• the new work does not adversely affect the source material.

There is evidence that the creation of so-called ‘user-generated content’ is fundamental to human creative processes1, and that the 29.21 exception has the potential to unleash “positive economic, social and cultural effects”.2 There is also evidence that commercial computing resources cannot be used to help unleash these effects.3 This “2921 project” entails the construction of a portable, publicly-licensed web application that is run for a trial period on academic resources. The intention is for the public to gain a stable tool that can be used to take advantage of the user-generated content exception for Canadian-hosted copyrighted material. The initial focus is on user-generated musical works, but the project model is extensible to other forms of arts and humanities including user-generated textual works and virtual identities. Success in this project would lead to large amounts of transaction-generated information for which visualization would aid in reaching research conclusions concerning the nature of creative collaboration.

1 Dennett, Daniel C. “In Darwin’s wake, where am I?.” Proceedings and Addresses of the American Philosophical Association. American Philosophical Association, 2001.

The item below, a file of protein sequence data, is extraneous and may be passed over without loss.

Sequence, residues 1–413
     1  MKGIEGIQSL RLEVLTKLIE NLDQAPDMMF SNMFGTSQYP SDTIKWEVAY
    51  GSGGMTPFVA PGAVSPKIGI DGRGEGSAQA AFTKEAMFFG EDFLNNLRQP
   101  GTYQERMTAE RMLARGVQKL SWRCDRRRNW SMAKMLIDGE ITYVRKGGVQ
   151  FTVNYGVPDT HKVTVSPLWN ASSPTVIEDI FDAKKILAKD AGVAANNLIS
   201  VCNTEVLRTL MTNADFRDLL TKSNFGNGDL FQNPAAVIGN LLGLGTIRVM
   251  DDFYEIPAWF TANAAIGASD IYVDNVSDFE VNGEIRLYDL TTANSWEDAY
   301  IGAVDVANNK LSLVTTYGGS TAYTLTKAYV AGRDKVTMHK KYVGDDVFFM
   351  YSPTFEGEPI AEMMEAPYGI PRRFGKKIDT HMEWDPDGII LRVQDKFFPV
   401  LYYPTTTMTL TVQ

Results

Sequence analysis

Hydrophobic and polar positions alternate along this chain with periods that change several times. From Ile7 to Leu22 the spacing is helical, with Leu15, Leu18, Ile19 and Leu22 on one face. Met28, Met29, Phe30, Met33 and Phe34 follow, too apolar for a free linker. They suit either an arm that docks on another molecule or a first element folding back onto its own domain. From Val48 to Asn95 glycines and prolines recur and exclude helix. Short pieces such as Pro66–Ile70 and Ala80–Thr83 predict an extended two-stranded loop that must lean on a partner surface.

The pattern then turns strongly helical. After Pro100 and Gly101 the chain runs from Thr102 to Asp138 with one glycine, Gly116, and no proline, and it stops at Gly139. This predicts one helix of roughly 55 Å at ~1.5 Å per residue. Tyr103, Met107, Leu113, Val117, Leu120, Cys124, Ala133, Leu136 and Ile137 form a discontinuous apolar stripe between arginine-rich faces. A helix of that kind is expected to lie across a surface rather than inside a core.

2 Murray, L. J., & Trosow, S. E. (2013). Canadian copyright: A citizen’s guide 2nd Ed. Between the Lines.

3 See for example http://www.billboard.com/articles/business/6568938/madeon-sony-music-soundcloud-account. This article fails to clarify that the content ‘Madeon’ is concerned about being taken down is user-generated content, of the type protected by Section 29.21 in Canada, not goods rivalrous to the copyrighted content of major labels.

A Walk in the Park: A Mobile Application for Atlantic Canada’s Urban Green Spaces, Co-applicants Dr. Kate Scarth & Dr. Chris Geroux

A Walk in the Park is rooted in Kate Scarth’s eighteenth-century and Romantic-period research, transferring the methodology of London’s Green Geographies to the British colonial towns of Atlantic Canada, starting with Halifax. Understandings of class, place and identity in the Romantic-period writings of the radical John Thelwall will be a framework for exploring Halifax between the eighteenth and twenty-first centuries. An interactive mobile application will be developed that supports a virtual audio-visual tour of Halifax green spaces. This activist tour will combine literary, historical, and contemporary voices, engaging individuals and groups who use green spaces, including popular Point Pleasant Park (with its eighteenth-century roots) and community gardens in marginalized areas. By contributing their voices, the silenced and disinherited of our own time will be both part of and an audience for this research, thereby bringing Thelwall’s democratic legacy alive. This project will be a template for digital humanities work that combines literary criticism, issues of space/place, mobile applications, big data, public engagement, and/or social activism.